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Photo: Courtesy Newport Restoration Foundation, 2001.364
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Slant-front desk

Object number



Maker Unknown


41 3/8 39 21 3/4 in. (105.093 99.06 55.245 cm)



Current location

Newport Restoration Foundation, Rhode Island


Made in Newport, Rhode Island
(view a map of Rhode Island)


Mahogany (primary); pine (drawer bottoms [except where noted], board below desk interior, drawer divider backings, bottom and backboards of case, and loper blocks); yellow poplar (drawer sides and backs, bottom of prospect drawer, and drawer guides and supports)




“A[?],” in chalk, on proper-right interior side of proper-right interior drawer; illegible chalk, exterior back of prospect drawer, illegible chalk, exterior back of proper-left interior drawer; lumber marks, incised on interior case back; “SV[?],” inscribed on exterior case back


Cornelius C. Moore (1885–1970), Newport, Rhode Island; consigned by his estate to Parke-Bernet Galleries, Inc., New York, October 30, 1971, lot 75; sold to Doris Duke (1912–1993) for Newport Restoration Foundation, Rhode Island, 1971; Whitehorne House Museum, Newport Restoration Foundation, Rhode Island, from 1974

Associated names

Cornelius C. Moore
Parke-Bernet Galleries, Inc.
Doris Duke


The single-board case top is blind-dovetailed to the single-board case sides. The case back consists of three horizontal boards, half-lapped together and fixed with rosehead nails into rabbets in the case top and sides and directly to the case bottom. The lid, attached to the case with two pairs of brass hinges, is assembled in the "breadboard" manner, consisting of two small vertical boards joined by a large horizontal board, into which they are tenoned. The tenons are visible at the bottom of the lid when it is closed. In the center of the interior is a concave-blocked and shell-carved prospect door which opens to a pair of compartments with arched valances separated by a scalloped upright, above a concave-blocked small drawer. The drawer sits upon a rail, behind which are drawer supports and blocking, supporting a removable lid, making a hidden compartment. The door is flanked by beaded stiles and on each side, three compartments with arched valances, separated by scalloped uprights above straight-fronted small drawers. This central portion of the interior has a molded base. Beyond are stepped, open compartments bounded by scalloped uprights. The small-drawer fronts meet their arched-top sides in dovetail joints having finely cut pins, with half-pins above. The tops of the fronts are slightly proud of the drawer-side tops. The tops of the drawer backs are flat. The drawer bottoms are glued into rabbets in the bottoms of the sides and backs. The drawer sides of the block-fronted drawer are nearly flush with their drawer-front tops. In the case below, the top and bottom rails, loper stiles, and drawer dividers meet their neighboring elements in blind joints. Strips of wood are nailed with brads to the front faces of the case sides. At the top of the case, in back, is a longitudinal batten, tenoned to the board, unfinished on its lower face, which forms the writing surface above. The upper drawer supports also support the lopers and their upright guides. Full-depth drawer supports (replaced) are nailed to the case sides with brads. There are three horizontal chamfered glue blocks behind the bottom rail. The four graduated, lipped, thumb-molded drawer fronts meet their sides in dovetail joints, having finely cut pins with half-pins above and half-pins with grooves below. The tops of the drawer sides are flat, with slightly chamfered edges, and just shy of the drawer front tops. The two-board drawer bottoms are parallel to the drawer fronts, and chamfered at the front, where they fit into the drawer front, and at the sides where they are covered by full-depth drawer runners. At the back they are nailed with brads to the flat-topped drawer backs. The top rear corner of the drawers is chamfered. The case?s base molding, the bottom face of which is flush with the case bottom, is fixed to the case with wood-filled fasteners. The front feet consist of shaped vertical blocks attached directly to the case bottom, flanked by horizontal blocks, attached to the case bottom as well, the whole faced with ogee bracket feet. The rear feet are configured similarly, except for the back faces, which are simple, straight, serpentine brackets. Examined by P.E. Kane and J.N. Johnson, March 28, 2014; notes compiled by T.B. Lloyd.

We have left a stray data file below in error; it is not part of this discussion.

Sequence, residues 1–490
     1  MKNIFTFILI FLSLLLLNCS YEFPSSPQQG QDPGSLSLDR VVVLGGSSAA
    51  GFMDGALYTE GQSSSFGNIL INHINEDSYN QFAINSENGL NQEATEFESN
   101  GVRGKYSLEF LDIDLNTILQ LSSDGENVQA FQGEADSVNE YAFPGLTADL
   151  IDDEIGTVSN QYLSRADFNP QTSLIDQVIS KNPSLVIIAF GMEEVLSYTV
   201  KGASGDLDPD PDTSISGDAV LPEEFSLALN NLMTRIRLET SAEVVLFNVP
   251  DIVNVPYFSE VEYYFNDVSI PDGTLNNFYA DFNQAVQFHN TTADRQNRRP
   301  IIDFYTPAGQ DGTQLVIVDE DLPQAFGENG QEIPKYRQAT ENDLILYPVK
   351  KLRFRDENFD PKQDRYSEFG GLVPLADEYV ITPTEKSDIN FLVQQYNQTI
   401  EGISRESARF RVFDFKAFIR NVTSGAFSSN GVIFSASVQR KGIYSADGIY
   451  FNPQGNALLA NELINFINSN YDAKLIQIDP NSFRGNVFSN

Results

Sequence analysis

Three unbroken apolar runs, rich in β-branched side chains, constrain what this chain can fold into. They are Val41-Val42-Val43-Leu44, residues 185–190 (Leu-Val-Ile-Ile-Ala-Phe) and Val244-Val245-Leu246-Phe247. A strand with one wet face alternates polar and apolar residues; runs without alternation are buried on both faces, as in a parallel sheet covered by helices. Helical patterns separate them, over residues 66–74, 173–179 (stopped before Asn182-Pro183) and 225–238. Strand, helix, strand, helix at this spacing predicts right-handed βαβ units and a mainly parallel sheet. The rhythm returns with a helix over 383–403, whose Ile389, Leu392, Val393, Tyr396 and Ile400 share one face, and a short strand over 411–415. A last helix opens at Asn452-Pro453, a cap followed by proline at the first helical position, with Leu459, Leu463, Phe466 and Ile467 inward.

Parke-Bernet Galleries, Inc., New York, Important American Furniture: Property from the Estate of the Late Cornelius C. Moore, sale cat. (October 30, 1971), 15, lot 75, ill.